Dave Ulrich recently wrote, “For decades, all of us in the human capital profession have relied on best practice logic…But using best practices falls short when human capital issues become ever more central to changing business conditions.”
That’s where we stand now, so what can we do about the damage done to the HR and TA psyche? We can understand how the state of HR and TA informs everyday actions and decisions. We can find new ways to resolve what HR and TA feel on the inside. Some say they’ve been lumped together, others siloed.
Some feel lonely, others hyperconnected. Almost no one has the support they need, and nearly everyone has questions about where the function should report and how it advances.
Tech is a great example, given the reticence by many to adopt solutions designed to support and not supplant. If and when HR or TA moves to implement tech, do they have the power or budget to decide? Does the CFO or CEO always need to get involved?
Training is another example. Who is coaching HR and TA through this? What’s the hang-up? Do HR and TA not feel ready to embrace new technologies or opportunities to develop? Do they feel threatened by newness? Is ego blurring their vision?
HR and TA are trapped in a cycle that’s creating a disillusioned population of professionals, doubtful of their own expertise and without the toolkit to succeed.
The frustration is both palpable and justified. Ulrich says that “now is the time for HR to reinvent itself by moving beyond benchmarking and best practices to guidance.” While that may be true, it won’t fix what’s broken on the inside. And for that, there is no sweeping statement or easy answer.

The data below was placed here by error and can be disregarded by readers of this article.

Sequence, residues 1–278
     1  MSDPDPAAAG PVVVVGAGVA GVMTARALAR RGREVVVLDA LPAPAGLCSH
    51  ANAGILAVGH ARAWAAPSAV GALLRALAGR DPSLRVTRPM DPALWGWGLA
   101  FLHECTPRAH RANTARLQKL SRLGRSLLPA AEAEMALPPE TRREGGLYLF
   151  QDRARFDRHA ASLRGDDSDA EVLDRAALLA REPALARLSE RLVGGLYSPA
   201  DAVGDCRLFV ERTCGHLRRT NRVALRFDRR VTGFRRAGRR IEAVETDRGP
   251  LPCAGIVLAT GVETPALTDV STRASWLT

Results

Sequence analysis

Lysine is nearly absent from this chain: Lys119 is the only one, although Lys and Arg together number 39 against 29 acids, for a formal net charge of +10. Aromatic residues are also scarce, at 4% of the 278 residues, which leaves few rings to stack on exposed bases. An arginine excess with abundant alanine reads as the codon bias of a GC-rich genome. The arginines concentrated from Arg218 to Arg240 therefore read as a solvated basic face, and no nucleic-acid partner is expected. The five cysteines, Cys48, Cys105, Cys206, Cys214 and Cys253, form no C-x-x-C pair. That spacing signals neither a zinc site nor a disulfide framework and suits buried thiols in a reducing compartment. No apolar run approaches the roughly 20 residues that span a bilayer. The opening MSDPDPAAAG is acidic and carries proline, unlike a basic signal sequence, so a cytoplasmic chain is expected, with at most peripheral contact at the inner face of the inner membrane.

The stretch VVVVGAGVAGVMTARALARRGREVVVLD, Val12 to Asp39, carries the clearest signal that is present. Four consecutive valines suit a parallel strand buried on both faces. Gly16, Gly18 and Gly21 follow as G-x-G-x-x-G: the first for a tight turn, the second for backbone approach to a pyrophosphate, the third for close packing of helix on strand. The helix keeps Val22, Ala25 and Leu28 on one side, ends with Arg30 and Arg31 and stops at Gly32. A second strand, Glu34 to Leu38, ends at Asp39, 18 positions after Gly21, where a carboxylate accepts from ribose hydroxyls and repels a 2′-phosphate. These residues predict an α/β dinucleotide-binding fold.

Instead, there’s the admission that there’s work to do inside the house first. That looking inward and accepting ego’s influence will help HR and TA evolve to a future state.
Laura Mazzullo is the Founder and Owner of East Side Staffing, a boutique Recruitment Firm specializing in the placement of experienced HR professionals. East Side Staffing’s values are Kindness, Curiosity, and Humility. Laura is led by those values, and is committed to and passionate about talent acquisition by consistently creating new ways to innovate and partner with her HR network. Laura has developed a successful career in recruitment and brings an entrepreneurial spirit and passion for building relationships. She also offers coaching and consulting services to Talent Acquisition professionals, HR Hiring Managers, and HR Job-Seekers. Connect with Laura on Twitter, Instagram, and LinkedIn and subscribe to her YouTube channel at LearnWithLauraHR.
Katie Achille is a contributing writer for RecruitingDaily and PR professional, marketer, and serial freelancer with 15 years of experience supporting organizations from startups to Fortune 500 corporations, specializing in HR and recruiting technology. Her career highlights include launching a massive employer brand project at Verizon, writing a book with a former presidential cabinet member, promoting top lecturers such as Fareed Zakaria and Thomas Friedman, penning entries in an encyclopedia of military science, and teaching Pilates. Over the years, her work has appeared in Forbes, Entrepreneur, Venture Beat, Business Insider, Human Resource Executive, Workspan, and many more. She holds a BA in Journalism and Media Studies from Rutgers University and an MA in Historical Studies from The New School. You can read her latest musings at katieachille.com or connect with her on Twitter and LinkedIn.